A variety of birth defects are associated with the allele for leucism, including crossed eyes, cleft palate, spinal deformities, club foot, immune deficiencies, heart and kidney defects, hip dysplasia, hind-limb paralysis and mental disabilities. The practice of inbreeding generations of lions and tigers to produce leucism makes all the offspring (not just the rare white ones) more likely to suffer from this myriad of congenital illnesses and defects. For example, all white tigers are cross-eyed, even if their eyes appear to be fine, because the same gene that causes leucism also wires the optic nerve to the opposite side of the brain.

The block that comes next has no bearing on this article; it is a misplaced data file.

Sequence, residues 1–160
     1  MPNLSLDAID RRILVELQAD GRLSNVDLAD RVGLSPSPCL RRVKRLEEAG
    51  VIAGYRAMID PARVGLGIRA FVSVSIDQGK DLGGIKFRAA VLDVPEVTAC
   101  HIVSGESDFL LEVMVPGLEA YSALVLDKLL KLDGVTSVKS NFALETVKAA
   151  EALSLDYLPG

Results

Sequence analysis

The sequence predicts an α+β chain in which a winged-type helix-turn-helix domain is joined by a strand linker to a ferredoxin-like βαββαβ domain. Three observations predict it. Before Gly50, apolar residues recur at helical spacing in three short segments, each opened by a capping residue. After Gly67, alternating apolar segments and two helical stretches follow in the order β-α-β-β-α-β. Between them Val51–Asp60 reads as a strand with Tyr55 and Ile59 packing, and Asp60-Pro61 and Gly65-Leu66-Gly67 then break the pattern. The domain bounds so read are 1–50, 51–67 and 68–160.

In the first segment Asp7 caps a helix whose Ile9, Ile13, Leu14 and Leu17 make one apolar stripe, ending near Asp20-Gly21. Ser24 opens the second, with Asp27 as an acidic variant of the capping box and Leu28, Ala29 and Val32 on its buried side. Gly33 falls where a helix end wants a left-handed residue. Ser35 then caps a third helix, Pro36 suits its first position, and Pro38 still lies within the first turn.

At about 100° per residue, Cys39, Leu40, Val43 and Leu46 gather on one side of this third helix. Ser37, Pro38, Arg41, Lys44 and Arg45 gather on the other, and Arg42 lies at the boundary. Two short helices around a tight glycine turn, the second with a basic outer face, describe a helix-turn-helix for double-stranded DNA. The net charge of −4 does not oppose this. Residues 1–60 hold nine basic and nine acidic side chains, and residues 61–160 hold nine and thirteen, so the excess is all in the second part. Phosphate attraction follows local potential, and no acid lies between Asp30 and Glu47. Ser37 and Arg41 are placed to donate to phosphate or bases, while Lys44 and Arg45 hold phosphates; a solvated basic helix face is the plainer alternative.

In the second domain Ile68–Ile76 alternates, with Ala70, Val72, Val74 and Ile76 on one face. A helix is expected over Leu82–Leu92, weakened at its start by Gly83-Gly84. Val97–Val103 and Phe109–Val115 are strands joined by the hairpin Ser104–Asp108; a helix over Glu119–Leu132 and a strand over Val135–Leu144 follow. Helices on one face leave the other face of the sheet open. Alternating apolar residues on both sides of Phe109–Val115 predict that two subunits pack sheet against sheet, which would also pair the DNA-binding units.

In addition, inbreeding increases the chances of stillbirths and infant mortalities, especially with further inbred generations. According to Big Cat Rescue, about eight in 10 white tigers die from inbreeding-related birth defects, and even the survivors tend to exhibit severe deformities and die young. Because they are so heavily inbred and almost always documented in captivity, white tigers and lions are also more likely to suffer from depression, like the above white lion held captive at the Karachi Zoo to attract more visitors.
Rare big cats are exploited by fake sanctuaries and irresponsible zoos.